I know that my Instagram feed is often full of the usual things that one might expect to be doing when living in France, but today I’m thinking of my own personal top five:
My top 5 things to do in France
1 Eating bread and bread-based foods (seriously, carbs are life)
2 Speaking French (yes, bread even comes before this, I am addicted)
3 Drinking lovely wine for a euro
4 Eating all the flipping cheese in my department
5 Beautiful French architecture
In my old UK-resident-francophile-from-afar life these were truly the ways that I thought that life in France would be. That I’d be wandering through flower-lined streets of typically French houses with gorgeous shutters and lavender everywhere. And to a degree I am. It’s a joy.
Five realities of living in rural France for the uninitiated
1 Winter is COLD. The days may be sunny, even warm, but if there aren’t any clouds you best have some wood for a fire that night.
2 Admin is a full-time job, particularly in these interesting times of Brexit. Have lots of printer ink.
3 Food is not cheap. Eating fresh and seasonally will be the most frugal way to go. Or grow vegetables, as I am planning to do.
4 Housing is cheap, but purchasing a home here is different, bien sûr! In my opinion its more organised and formal, but you’ll pay for that.
5 It would be really easy to live here and almost not speak a word of French, but for me, that would negate any reason to live here whatsoever.
What are your values?
I often get asked things like “how much does it cost to run a two-bed house in France?” or “Can you help me to decide if this house is right for me?”. Both questions that tap into both my frugal and opinionated self. But I have to take a step back from that and remind those people that living here, in whatever way you choose to live, is a deeply personal experience.
Things still cost money here. Sometimes a lot, sometimes less. It depends enormously upon our living habits and how we make ourselves happy. For me, I am (clearly) pretty happy as long as there is bread, wine and cheese. I also need some nature and see wildlife, a garden to grow things and the opportunity to speak to French people.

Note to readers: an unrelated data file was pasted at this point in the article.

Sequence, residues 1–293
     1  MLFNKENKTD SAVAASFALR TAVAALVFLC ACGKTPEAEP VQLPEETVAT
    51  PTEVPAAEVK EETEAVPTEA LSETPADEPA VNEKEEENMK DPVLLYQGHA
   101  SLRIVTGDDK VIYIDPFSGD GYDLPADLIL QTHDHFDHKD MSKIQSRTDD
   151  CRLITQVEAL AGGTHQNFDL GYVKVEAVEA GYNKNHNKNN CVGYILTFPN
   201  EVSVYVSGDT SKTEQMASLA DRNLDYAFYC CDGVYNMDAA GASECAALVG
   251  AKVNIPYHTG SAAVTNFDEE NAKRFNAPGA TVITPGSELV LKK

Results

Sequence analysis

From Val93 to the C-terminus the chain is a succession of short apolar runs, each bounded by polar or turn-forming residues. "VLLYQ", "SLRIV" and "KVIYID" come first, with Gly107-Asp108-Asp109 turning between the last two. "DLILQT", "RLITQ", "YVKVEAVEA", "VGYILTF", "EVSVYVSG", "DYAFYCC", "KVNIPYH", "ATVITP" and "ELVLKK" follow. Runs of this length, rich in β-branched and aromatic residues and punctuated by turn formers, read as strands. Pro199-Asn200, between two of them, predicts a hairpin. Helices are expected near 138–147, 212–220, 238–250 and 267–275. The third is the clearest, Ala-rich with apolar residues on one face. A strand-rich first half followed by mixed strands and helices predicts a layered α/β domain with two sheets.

And while I LOVE our French home and everything that we are doing to renovate it, it is not the most important thing to me. Spending time with my partner, lovely people in the village, making friends, learning how to be in a new culture and integrating as much as I possibly can are my priorities. If that means the kitchen isn’t painted until next year I can live with that (update, it IS painted now!).
I suppose what I’m saying is, if you want to move to France, I would examine what it is that you value. If you need to be in a place where you have all the amenities available to you at all times, then rural France is not for you. If you can’t cope with the idea that shops close for lunch, or that you have very little power when it comes to bureaucracy (cue gallic shrug) then this isn’t the place.
But if you are willing to learn, integrate and try, if you can be okay with accepting that things won’t always be quick or perfect or cheap then it may well be. It’s a risk. But for me, accepting some risk is part of living a full life.
As always, if anyone wants to ask questions you are so welcome, I love interacting with you all – but it’s just that the big questions can only be answered by you. And that’s how it should be.